April 03, 2006
"In many stories, characters express their own views, which can be right or wrong, admirable or contemptible. When you consider such dramatic speeches, you must do considerable interpreting and evaluating yourself."
This points out the importance of reading beyond the words, not just reacting to the characters. We may disagree with or love a character, but what do we think about the use of the character in the story or the idea the author is trying to get across?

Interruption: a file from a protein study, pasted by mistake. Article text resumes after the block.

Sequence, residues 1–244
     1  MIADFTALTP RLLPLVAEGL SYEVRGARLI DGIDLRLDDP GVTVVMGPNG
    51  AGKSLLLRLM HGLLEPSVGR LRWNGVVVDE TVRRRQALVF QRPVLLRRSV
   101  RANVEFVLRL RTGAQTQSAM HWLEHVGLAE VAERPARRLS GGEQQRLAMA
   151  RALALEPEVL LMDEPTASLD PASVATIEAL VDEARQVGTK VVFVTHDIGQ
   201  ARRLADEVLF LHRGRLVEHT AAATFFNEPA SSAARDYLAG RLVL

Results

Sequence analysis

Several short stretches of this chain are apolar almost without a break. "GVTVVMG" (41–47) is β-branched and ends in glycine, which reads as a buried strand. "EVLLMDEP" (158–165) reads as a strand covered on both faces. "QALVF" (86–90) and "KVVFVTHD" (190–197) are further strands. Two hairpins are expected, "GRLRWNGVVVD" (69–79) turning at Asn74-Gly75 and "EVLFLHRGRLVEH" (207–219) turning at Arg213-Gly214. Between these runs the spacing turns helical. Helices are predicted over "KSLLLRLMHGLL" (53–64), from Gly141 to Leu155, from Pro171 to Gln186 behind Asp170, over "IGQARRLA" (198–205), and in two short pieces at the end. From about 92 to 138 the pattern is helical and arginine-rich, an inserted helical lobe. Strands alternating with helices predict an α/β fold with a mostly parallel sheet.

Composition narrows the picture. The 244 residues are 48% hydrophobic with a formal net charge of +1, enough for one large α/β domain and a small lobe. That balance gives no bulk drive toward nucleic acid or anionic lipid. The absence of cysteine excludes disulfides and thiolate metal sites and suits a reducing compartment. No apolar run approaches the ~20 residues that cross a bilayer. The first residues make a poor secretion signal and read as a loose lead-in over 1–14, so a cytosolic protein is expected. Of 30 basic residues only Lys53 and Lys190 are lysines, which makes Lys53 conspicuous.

Posted by JenniferDiFulvio at April 3, 2006 04:34 PM
That's a good observation, Jennifer, and one that's particularly important given the way O'Connor uses characters who are distatesful and distorted ("grotesque") in order to make points that we are supposed to apply to our own lives.
Posted by: Dennis G. Jerz at April 3, 2006 09:10 PM
I like the point that you made as well, it is extremely important to look beyond the words in the text!!
Posted by: Melissa Lupari at April 5, 2006 07:22 PM
Absolutely! In fact, while doing some research to help me polish my concluding paragraph for Paper 2, I came across a source which frequently used O'Connor herself as a source, and apparently she most wanted readers to understand the theme of her works and the message packaged within it rather than all of the little details.
Posted by: ChrisU at April 6, 2006 12:28 AM